In December 2012, the plaintiff launched a major television advertising campaign, entitled ‘garantie prix le plus bas Carrefour’ (Carrefour lowest price guarantee), which compared the prices of 500 leading brand products charged in its shops and in shops of competitors, including defendant, and offered to reimburse consumers twice the price difference if they found cheaper prices elsewhere.
The television advertisements broadcast showed price differences favourable to the plaintiff and, in particular, products sold in the defendant's shops were shown as being consistently more expensive than those sold by the plaintiff. From the second televised advertisement onwards, all of the defendant's shops selected for comparison were supermarkets and all of the plaintiff's shops were hypermarkets. That information appeared only on the home page of the plaintiff's website, where it was stated in small print that the guarantee ‘applied only in Carrefour and Carrefour Planet shops’ and that it therefore did ‘not apply in Carrefour Market, Carrefour Contact or Carrefour City shops’. In the television advertisements, the word ‘Super’ appeared in smaller letters beneath the name Intermarché.
On 2 October 2013, after having given the plaintiff notice to stop disseminating that advertisement, the defendant brought proceedings against the plaintiff before the tribunal de commerce de Paris (Commercial Court, Paris, France).
By judgment of 31 December 2014, the tribunal de commerce de Paris (Commercial Court, Paris) ordered the plaintiff to pay to the defendant EUR 800,000 as compensation for the harm sustained, upheld the applications for the prohibition of the dissemination of the advertising and ordered the publication of that judgment.
That court held, inter alia, that, by adopting a misleading method of selecting sales outlets and distorting the representativeness of the price comparisons, the plaintiff had failed to comply with the objectivity requirements under Article L. 121-8 of the Consumer Code, and that those breaches of the requirement of objectivity in a comparative advertising campaign constituted acts of unfair competition. It also pointed out that the information featuring on the plaintiff's website did not make it clear to consumers that the comparison was being made between shops of different sizes.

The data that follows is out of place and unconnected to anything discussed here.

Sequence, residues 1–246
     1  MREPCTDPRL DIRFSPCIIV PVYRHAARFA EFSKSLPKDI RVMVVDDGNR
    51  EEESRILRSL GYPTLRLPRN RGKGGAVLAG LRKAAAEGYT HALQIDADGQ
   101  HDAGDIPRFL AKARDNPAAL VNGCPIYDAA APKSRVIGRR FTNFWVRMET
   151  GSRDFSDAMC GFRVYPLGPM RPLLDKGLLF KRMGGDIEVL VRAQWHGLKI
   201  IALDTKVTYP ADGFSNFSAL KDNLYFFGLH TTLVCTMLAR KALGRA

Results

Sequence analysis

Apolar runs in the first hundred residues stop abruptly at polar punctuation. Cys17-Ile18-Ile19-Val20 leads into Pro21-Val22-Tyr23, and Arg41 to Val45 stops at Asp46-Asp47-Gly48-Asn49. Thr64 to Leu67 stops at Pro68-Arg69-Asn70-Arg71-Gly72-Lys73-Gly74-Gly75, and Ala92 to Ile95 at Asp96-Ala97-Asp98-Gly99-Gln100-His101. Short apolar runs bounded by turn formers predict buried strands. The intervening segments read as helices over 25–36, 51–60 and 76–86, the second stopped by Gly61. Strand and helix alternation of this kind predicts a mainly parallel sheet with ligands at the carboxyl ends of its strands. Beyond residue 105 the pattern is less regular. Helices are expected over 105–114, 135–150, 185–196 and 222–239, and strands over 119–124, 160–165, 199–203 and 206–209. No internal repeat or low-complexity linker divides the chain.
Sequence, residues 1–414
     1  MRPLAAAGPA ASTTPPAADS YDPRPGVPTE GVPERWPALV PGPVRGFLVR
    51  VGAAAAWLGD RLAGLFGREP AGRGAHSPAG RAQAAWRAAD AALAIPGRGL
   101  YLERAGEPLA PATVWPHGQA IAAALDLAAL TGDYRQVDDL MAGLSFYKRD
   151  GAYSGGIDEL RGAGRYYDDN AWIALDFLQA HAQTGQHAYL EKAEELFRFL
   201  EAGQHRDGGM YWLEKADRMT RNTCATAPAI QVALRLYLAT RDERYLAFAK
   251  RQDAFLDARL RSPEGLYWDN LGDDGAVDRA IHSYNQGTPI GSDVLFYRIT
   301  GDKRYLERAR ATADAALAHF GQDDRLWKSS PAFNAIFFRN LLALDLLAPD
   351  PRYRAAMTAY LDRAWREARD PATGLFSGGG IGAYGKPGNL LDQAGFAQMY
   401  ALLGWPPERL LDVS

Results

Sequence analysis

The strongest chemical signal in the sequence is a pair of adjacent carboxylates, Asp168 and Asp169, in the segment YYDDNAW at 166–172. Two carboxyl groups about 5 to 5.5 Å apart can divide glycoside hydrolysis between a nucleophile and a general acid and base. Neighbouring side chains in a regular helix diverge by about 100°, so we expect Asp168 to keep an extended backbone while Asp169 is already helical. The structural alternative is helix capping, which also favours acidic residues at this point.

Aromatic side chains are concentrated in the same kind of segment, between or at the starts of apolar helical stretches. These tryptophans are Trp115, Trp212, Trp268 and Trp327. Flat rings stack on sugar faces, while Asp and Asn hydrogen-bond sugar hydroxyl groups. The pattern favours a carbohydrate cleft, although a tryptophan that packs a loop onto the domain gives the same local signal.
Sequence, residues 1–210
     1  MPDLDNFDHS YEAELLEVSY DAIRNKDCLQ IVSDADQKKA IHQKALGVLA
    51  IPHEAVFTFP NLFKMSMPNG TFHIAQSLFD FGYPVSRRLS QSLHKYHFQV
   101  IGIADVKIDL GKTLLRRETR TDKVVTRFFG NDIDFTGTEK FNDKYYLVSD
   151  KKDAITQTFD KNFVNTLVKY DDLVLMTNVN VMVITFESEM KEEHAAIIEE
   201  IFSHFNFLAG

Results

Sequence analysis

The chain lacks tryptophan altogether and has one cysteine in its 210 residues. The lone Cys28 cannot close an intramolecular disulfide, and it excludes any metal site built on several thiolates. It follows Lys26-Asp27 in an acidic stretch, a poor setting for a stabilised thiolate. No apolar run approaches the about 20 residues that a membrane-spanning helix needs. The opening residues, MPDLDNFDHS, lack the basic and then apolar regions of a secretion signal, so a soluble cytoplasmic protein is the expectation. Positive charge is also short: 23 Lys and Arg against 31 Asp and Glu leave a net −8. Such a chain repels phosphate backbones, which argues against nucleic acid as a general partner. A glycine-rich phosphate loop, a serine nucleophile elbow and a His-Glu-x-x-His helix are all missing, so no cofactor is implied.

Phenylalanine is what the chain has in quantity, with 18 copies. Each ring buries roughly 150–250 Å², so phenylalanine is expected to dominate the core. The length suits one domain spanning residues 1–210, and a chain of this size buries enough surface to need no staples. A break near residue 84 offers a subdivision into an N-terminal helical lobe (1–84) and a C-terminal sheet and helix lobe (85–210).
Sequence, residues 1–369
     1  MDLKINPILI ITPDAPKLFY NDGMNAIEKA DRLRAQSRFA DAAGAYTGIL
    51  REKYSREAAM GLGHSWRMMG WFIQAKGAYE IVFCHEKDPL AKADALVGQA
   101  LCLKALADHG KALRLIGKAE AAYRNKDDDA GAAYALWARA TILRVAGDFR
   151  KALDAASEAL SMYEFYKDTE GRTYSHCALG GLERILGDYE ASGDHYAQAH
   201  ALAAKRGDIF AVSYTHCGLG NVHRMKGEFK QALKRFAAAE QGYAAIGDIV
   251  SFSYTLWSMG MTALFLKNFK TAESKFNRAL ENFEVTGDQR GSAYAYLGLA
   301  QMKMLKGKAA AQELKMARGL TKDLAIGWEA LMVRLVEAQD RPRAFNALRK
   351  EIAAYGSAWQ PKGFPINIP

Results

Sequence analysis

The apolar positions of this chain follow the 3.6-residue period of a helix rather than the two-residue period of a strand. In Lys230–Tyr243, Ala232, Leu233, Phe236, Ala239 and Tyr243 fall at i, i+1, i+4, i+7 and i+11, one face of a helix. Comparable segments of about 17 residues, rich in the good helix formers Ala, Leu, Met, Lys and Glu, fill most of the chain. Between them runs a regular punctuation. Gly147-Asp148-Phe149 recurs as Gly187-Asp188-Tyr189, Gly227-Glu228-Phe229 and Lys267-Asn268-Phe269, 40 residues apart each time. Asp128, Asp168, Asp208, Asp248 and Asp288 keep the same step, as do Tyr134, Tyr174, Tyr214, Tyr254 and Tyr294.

The plaintiff appealed against that judgment to the cour d’appel de Paris (Court of Appeal, Paris, France) and, in the context of the preparation of the case for final decision, requested that the matter be referred to the Court of Justice.
Before that court, the plaintiff argued that the interpretation of Directive 2006/114, which Article L. 121-8 of the Consumer Code seeks to transpose, was necessary in order to resolve the dispute in the main proceedings with regard to the question whether a comparison of the prices of selected goods was permitted only if the goods were sold in shops which had the same size or format.
The defendant opposed the request for a preliminary ruling, arguing that the proposed question was not necessary for the purpose of resolving the dispute in the main proceedings since what was in issue in those proceedings was not a prohibition of comparing the prices of products sold in shops of different sizes but rather the assessment of the misleading nature of the advertising to the extent that consumers were not clearly and objectively informed of the difference in the format or size of the shops being compared.
The judge responsible for preparing the case for final decision noted that it was indeed the very principle of comparative price advertising between shops with different formats that had formed the basis of the decision of the court of first instance and noted that the cour d’appel de Paris (Court of Appeal, Paris), which is required to examine the dispute in its entirety, must address that point. Furthermore, the judge pointed out that, if the principle of comparative advertising of prices between shops having different formats were to be considered to be consistent with Directive 2006/114, the cour d’appel (Court of Appeal) would also have to consider whether the fact that the shops whose prices were being compared were of different sizes and formats constituted material information, within the meaning of Directive 2005/29, that must necessarily be brought to the attention of the consumer and, if so, to what degree and/or via what medium that information must be communicated to consumers.
In those circumstances, the cour d’appel de Paris (Court of Appeal, Paris) decided to stay the proceedings and to refer three questions to the Court for a preliminary ruling.